Some People Can't Surf: The Graphic Design of Art Chantry [Julie Lasky]



Book Reviews
Some People Can't Surf: The Graphic Design of Art Chantry [Julie Lasky]
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Feb 1, 2001, 03:40

SOME PEOPLE CAN'T SURF: THE GRAPHIC DESIGN OF ART CHANTRY by Julie Lasky; Chronicle Books, 2001

To look at any one individual piece in Art Chantry's body of work—from the gazillion show flyers/posters he's created, to the hundreds of record sleeves/jackets conceived, the scads of magazine covers, spot pieces, and ad copy—most people probably wouldn't invest much thought into what an impressive, idiosyncratic body of work the man has laid down. Plop this sucker open on your lap though, and it becomes abundantly clear how amazingly prolific he has been over the years and what a fine body of work it is too. Chantry comes from the old school of cut-and-paste layout—yeah, he's even more punk than you, Punkie... With Xerox machine at the ready, he's manipulated, distorted, and deteriorated the visual elements of style and fabricated them into a lush tapestry of subversive form and substance that's hard to ignore. Julie Lasky, former managing editor of Print magazine, and current editor of both Interiors and Dwell magazines provides a fairly comprehensive if not exhaustive examination of the man's output, detailing his evolution as a graphic artist, commenting on the varied processes and attitude behind the iconography. The overview she provides is anything but boringly academic. It's a fairly cogent representation. Well deserved and plenty entertaining. You don't have to be a student of design to appreciate the eye candy or fail to laugh out loud at the philosophies implemented behind the magic. In fact, it's because of Chantry's temperamental predisposition that his work succeeds on so many different levels. Your coffee table beckons.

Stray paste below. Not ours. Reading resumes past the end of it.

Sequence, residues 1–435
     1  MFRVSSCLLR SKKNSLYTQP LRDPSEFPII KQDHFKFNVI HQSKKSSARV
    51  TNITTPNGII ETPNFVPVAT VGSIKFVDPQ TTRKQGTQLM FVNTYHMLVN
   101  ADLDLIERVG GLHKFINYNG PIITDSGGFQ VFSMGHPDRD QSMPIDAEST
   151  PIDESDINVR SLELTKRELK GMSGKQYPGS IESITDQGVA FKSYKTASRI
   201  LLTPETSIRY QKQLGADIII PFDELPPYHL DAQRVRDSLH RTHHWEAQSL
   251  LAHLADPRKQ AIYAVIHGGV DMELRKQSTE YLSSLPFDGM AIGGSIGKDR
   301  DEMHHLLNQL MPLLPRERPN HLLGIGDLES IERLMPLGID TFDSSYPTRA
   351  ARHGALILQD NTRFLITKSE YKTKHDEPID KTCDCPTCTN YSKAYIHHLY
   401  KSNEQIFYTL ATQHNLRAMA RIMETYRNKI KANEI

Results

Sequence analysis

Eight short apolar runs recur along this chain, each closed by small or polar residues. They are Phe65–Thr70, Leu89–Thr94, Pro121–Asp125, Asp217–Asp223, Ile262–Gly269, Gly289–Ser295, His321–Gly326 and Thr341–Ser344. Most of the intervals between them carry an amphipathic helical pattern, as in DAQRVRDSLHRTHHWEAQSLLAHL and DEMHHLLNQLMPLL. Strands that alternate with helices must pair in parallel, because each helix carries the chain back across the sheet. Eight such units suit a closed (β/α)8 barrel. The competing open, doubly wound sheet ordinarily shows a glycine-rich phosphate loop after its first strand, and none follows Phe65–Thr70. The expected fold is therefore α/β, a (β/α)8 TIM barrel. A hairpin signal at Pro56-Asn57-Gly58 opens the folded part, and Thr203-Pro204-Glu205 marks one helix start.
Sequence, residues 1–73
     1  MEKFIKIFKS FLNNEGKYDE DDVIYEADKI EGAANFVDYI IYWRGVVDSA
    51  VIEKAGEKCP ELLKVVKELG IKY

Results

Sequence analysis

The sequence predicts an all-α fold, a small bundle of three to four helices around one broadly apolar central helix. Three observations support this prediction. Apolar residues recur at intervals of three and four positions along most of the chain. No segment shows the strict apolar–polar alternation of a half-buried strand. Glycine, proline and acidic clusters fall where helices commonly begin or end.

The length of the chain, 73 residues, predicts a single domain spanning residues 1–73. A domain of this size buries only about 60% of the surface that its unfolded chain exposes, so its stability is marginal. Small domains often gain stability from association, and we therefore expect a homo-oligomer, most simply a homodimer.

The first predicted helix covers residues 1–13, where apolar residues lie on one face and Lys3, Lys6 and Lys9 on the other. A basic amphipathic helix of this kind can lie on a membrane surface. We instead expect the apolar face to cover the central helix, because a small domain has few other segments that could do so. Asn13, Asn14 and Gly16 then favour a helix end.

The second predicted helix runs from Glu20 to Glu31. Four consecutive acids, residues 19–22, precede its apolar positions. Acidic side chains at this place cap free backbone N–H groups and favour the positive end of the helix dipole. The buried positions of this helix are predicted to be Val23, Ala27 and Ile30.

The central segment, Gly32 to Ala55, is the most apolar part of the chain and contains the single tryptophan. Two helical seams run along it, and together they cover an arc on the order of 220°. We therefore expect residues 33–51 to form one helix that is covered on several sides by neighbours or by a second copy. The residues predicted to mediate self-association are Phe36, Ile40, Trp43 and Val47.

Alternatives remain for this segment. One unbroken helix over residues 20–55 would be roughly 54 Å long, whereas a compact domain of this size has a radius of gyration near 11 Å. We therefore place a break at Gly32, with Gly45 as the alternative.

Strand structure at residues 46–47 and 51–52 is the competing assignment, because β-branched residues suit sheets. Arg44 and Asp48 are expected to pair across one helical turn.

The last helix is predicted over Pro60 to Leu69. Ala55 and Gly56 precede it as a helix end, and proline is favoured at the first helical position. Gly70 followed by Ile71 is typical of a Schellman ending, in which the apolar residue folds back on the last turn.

-Peter Davis

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